shaggy hair. They will guard you from the cold winds and warm you
while you sleep. Have courage, then, and live!"
And the King of the Polar Bears had courage to bear his pain and
lived and was strong again.
The feathers grew as they had grown upon the bodies of the birds and
covered him as his own hair had done. Mostly they were pure white in
color, but some from the gray gulls gave his majesty a slight
The rest of that summer and all through the six months of night the
king left his icy cavern only to fish or catch seals for food. He
felt no shame at his feathery covering, but it was still strange to
him, and he avoided meeting any of his brother bears.
During this period of retirement he thought much of the men who had
harmed him, and remembered the way they had made the great "bang!"
And he decided it was best to keep away from such fierce creatures.
Thus he added to his store of wisdom.
When the moon fell away from the sky and the sun came to make the
icebergs glitter with the gorgeous tintings of the rainbow, two of
the polar bears arrived at the king's cavern to ask his advice about
the hunting season. But when they saw his great body covered with
feathers instead of hair they began to laugh, and one said:
"Our mighty king has become a bird! Who ever before heard of a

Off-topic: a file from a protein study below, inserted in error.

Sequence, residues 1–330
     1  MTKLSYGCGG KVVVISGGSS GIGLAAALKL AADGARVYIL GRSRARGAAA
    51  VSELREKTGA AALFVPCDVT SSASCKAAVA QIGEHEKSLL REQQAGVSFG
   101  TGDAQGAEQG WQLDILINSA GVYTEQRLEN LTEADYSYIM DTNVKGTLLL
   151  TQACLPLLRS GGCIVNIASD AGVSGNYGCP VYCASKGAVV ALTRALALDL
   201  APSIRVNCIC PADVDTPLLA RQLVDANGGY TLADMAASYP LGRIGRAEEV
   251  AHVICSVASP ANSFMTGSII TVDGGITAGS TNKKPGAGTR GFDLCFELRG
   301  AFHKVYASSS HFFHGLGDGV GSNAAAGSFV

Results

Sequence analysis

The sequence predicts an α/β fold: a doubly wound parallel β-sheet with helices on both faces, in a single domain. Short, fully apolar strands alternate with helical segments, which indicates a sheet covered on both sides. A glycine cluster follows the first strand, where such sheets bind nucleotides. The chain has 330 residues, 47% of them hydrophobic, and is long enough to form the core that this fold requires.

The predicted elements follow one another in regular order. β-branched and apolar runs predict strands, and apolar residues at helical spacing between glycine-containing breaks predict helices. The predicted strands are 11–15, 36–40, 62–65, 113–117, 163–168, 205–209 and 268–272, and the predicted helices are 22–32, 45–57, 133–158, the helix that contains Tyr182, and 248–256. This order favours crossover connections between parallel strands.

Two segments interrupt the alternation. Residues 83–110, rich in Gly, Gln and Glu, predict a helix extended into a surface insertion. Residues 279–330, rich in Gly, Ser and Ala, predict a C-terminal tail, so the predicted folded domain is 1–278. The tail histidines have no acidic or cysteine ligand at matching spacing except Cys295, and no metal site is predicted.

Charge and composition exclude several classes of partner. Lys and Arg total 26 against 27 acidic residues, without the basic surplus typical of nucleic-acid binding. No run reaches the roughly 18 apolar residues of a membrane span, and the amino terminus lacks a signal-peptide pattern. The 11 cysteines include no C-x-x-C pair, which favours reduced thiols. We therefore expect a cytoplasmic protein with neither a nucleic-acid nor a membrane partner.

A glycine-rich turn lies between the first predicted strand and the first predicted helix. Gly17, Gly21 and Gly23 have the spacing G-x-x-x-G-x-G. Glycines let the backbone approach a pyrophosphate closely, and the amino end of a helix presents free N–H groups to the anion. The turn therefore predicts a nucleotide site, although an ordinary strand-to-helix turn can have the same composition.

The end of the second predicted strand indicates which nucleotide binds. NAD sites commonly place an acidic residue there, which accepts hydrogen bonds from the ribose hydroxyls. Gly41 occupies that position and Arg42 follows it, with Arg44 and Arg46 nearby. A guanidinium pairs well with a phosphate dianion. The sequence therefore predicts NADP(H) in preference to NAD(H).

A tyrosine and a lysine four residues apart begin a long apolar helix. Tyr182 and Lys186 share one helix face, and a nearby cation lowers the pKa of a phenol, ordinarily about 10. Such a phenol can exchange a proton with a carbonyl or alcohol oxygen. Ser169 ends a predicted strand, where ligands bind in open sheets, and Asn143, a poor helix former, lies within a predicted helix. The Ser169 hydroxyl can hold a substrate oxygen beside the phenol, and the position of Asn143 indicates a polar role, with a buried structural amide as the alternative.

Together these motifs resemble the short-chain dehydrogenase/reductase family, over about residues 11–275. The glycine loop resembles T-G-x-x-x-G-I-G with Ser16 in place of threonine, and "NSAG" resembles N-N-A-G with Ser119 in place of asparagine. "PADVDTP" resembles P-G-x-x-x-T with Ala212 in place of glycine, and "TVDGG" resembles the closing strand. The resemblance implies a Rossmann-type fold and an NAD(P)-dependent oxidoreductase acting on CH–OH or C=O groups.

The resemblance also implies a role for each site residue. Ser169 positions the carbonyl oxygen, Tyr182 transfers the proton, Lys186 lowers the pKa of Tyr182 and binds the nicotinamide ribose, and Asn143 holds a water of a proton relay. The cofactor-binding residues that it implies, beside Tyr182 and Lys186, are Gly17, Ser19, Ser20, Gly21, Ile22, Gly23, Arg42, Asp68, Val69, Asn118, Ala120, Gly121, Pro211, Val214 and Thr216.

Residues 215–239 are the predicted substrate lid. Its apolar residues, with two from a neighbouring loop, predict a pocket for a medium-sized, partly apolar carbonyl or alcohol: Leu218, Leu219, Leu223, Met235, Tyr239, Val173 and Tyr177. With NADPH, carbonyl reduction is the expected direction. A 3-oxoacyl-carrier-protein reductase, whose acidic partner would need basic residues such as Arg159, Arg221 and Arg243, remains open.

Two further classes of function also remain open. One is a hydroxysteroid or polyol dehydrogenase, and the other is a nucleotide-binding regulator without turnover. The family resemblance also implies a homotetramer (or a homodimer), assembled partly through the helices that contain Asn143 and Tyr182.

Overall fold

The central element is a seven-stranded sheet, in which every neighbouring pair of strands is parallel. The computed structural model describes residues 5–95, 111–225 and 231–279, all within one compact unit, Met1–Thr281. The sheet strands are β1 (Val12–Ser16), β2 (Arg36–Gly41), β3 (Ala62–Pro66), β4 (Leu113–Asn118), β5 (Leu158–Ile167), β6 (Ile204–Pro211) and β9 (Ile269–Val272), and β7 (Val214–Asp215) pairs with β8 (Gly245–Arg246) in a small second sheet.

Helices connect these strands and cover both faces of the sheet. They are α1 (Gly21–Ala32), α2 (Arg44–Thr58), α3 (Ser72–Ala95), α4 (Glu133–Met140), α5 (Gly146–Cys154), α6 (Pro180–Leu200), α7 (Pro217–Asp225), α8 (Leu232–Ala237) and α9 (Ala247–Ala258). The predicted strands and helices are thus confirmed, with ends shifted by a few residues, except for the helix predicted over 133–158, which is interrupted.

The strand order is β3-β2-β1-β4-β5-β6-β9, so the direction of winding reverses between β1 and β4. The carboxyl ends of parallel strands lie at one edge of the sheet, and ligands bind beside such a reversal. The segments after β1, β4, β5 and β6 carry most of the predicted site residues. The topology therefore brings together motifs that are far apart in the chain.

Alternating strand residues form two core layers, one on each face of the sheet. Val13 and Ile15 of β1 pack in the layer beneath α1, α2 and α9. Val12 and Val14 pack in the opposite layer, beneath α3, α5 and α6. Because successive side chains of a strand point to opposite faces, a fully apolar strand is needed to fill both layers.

feathered polar bear?"
Then the king gave way to wrath. He advanced upon them with deep
growls and stately tread and with one blow of his monstrous paw
stretched the mocker lifeless at his feet.
The other ran away to his fellows and carried the news of the king's
strange appearance. The result was a meeting of all the polar bears
upon a broad field of ice, where they talked gravely of the
remarkable change that had come upon their monarch.
"He is, in reality, no longer a bear," said one; "nor can he justly
be called a bird. But he is half bird and half bear, and so unfitted
to remain our king."
"Then who shall take his place?" asked another.
"He who can fight the bird-bear and overcome him," answered an aged
member of the group. "Only the strongest is fit to rule our race."
There was silence for a time, but at length a great bear moved to
the front and said:
"I will fight him; I—Woof—the strongest of our race! And I will be
King of the Polar Bears."
The others nodded assent, and dispatched a messenger to the king to
say he must fight the great Woof and master him or resign his
"For a bear with feathers," added the messenger, "is no bear at all,
and the king we obey must resemble the rest of us."
"I wear feathers because it pleases me," growled the king. "Am I not
a great magician? But I will fight, nevertheless, and if Woof
masters me he shall be king in my stead."
Then he visited his friends, the gulls, who were even then feasting
upon the dead bear, and told them of the coming battle.
"I shall conquer," he said, proudly. "Yet my people are in the
right, for only a hairy one like themselves can hope to command
The queen gull said:
"I met an eagle yesterday, which had made its escape from a big city
of men. And the eagle told me he had seen a monstrous polar bear